Effects of substrate and inhibition of oxidative metabolism on contraction and myosin phosphorylation in ASM

C. M. Hai, C. Watson, Stacey J Wallach, V. Reyes, E. Kim, J. Xu

Research output: Contribution to journalArticlepeer-review

10 Scopus citations


Steady-state active stress in smooth muscle is maintained by cross bridges which undergo continuous cycling and myosin phosphorylation, and the two processes both consume ATP. In this study, we investigated whether energy utilization by cross-bridge cycling and myosin phosphorylation is compartmentalized and examined their relative affinities for ATP in airway smooth muscle. We measured active stress, myosin phosphorylation, O2 consumption, and tissue ATP content in bovine tracheal smooth muscle activated by K+ depolarization when glucose was replaced by pyruvate and when oxidative metabolism was inhibited by hypoxia or uncoupled by 2,4- dinitrophenol. The results indicate that ATP produced from both glycolysis and oxidative metabolism is available to both cross-bridge cycling and myosin phosphorylation. However, steady-state myosin phosphorylation was insensitive to the inhibition of oxidative metabolism by hypoxia and mitochondrial uncoupling when steady-state isometric stress and tissue ATP content were significantly reduced. These results suggest that, relative to actomyosin adenosine 5'-triphosphatase, myosin light chain kinase has a higher affinity for ATP in intact airway smooth muscle. However, peak myosin phosphorylation associated with the initial rapid stress development was sensitive to inhibition of oxidative metabolism, probably reflecting a lower content of intracellular calcium store as a result of metabolic inhibition.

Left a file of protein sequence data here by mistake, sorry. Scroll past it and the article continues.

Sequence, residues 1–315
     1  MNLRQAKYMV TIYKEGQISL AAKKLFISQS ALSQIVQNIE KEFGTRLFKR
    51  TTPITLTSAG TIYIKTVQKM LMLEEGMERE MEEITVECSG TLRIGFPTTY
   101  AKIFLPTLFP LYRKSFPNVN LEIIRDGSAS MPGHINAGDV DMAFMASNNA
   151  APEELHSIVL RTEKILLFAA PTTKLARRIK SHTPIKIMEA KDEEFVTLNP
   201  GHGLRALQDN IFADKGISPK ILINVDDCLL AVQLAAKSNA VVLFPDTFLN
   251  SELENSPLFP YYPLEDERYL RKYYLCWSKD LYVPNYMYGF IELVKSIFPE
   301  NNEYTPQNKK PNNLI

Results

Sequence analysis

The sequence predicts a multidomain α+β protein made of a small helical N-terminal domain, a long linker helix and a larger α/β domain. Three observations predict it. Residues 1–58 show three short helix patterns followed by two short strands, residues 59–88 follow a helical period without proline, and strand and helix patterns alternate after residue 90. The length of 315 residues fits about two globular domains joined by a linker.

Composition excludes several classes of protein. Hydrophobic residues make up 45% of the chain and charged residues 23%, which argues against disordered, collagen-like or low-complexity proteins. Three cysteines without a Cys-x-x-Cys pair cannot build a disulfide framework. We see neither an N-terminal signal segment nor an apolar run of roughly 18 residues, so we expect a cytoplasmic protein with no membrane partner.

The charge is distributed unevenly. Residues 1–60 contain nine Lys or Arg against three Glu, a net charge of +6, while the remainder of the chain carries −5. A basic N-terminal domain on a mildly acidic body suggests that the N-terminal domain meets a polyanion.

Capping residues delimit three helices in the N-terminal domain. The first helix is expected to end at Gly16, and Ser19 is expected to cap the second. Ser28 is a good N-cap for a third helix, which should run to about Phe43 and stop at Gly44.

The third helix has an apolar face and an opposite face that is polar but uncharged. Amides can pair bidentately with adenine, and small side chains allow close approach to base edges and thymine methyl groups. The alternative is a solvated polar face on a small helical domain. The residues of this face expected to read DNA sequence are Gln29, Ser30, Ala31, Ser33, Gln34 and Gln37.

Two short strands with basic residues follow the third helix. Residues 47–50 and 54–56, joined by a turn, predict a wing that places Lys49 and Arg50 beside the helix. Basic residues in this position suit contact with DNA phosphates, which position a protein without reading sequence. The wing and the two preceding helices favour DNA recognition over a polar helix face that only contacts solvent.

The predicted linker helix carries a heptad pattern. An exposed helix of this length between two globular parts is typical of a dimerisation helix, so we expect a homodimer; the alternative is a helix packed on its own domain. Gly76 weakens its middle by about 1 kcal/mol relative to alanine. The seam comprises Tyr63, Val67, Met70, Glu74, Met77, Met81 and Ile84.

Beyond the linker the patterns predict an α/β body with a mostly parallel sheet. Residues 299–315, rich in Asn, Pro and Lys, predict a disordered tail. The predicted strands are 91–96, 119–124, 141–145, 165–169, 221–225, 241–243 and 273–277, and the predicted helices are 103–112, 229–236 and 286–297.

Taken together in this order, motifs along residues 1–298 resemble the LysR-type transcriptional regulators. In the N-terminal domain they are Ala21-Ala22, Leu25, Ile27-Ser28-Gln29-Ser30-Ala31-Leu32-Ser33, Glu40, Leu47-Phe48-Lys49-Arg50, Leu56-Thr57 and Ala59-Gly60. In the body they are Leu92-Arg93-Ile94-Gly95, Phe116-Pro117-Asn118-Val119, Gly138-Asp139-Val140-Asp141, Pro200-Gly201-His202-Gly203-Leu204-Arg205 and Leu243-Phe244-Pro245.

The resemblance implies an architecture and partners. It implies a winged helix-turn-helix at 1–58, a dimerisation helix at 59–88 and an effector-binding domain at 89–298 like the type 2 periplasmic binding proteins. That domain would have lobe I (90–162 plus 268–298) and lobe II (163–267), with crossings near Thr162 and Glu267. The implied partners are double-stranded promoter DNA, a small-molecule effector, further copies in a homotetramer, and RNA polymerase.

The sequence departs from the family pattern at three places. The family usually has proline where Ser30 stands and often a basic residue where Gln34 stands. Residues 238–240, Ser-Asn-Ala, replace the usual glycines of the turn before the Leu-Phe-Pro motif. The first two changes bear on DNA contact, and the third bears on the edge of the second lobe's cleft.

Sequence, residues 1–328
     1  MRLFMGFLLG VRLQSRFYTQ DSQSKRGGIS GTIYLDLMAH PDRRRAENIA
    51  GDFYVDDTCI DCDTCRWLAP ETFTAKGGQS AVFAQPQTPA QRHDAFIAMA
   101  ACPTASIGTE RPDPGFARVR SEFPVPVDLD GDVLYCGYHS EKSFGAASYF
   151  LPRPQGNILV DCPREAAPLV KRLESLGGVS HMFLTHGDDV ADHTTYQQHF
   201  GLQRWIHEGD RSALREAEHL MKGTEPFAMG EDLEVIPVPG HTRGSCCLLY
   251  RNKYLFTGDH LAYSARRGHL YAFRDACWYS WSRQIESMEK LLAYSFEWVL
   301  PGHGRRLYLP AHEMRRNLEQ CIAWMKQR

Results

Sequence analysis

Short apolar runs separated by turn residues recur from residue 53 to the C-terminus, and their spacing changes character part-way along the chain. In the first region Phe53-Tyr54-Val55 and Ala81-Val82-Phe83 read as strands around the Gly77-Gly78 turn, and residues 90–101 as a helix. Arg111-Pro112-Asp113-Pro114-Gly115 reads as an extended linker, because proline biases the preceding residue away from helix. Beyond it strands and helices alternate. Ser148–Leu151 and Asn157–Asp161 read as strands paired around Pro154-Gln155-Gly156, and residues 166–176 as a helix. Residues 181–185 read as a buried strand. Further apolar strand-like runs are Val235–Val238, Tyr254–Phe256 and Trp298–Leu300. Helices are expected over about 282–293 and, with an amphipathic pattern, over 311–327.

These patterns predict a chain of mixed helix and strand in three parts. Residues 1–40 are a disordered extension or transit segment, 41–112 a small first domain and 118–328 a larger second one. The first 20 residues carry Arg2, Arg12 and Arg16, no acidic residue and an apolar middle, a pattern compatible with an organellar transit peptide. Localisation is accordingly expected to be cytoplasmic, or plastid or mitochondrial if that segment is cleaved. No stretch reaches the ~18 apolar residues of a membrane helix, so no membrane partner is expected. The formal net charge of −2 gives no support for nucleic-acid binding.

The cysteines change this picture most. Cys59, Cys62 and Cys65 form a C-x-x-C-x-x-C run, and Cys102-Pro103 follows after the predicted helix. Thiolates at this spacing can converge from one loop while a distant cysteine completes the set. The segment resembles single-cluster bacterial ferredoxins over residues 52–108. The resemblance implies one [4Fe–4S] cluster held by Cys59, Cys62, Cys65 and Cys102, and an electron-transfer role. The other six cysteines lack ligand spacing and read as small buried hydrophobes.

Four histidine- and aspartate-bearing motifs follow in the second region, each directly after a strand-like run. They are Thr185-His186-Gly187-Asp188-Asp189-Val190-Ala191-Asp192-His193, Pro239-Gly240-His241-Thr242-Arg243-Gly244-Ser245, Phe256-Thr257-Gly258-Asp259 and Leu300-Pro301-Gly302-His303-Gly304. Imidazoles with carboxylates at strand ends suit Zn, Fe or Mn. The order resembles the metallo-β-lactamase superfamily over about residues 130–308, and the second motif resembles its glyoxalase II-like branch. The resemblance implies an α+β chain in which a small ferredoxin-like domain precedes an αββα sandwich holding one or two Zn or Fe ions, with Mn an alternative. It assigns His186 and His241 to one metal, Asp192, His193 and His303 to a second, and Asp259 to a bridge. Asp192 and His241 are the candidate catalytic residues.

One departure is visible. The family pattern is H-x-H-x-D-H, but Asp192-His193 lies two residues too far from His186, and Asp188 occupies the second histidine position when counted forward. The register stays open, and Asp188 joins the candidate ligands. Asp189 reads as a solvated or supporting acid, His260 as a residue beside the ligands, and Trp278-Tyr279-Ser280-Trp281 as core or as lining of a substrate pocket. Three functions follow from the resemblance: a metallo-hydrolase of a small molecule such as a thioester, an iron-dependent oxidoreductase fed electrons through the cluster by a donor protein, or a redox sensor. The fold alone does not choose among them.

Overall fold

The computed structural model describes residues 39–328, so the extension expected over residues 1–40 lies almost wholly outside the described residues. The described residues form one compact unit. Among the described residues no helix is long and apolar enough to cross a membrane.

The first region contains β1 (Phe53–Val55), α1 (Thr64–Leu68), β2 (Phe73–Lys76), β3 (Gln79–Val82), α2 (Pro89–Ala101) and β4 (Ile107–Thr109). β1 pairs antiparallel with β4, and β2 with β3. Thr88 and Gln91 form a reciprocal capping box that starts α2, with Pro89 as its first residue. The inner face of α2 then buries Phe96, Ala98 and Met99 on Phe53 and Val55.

Original languageEnglish (US)
JournalAmerican Journal of Physiology - Lung Cellular and Molecular Physiology
Issue number6 8-6
StatePublished - 1993
Externally publishedYes


  • airway smooth muscle
  • mitochondria
  • pyruvate
  • trachea

ASJC Scopus subject areas

  • Cell Biology
  • Physiology
  • Pulmonary and Respiratory Medicine


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